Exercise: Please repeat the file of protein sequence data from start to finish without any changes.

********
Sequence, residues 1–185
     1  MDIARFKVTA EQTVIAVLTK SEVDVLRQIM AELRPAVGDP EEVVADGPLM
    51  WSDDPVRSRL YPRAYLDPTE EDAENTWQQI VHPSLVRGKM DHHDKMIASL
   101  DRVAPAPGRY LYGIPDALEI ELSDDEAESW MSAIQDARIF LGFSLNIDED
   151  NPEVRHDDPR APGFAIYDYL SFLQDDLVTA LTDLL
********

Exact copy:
Sequence, residues 1–185
     1  MDIARFKVTA EQTVIAVLTK SEVDVLRQIM AELRPAVGDP EEVVADGPLM
    51  WSDDPVRSRL YPRAYLDPTE EDAENTWQQI VHPSLVRGKM DHHDKMIASL
   101  DRVAPAPGRY LYGIPDALEI ELSDDEAESW MSAIQDARIF LGFSLNIDED
   151  NPEVRHDDPR APGFAIYDYL SFLQDDLVTA LTDLL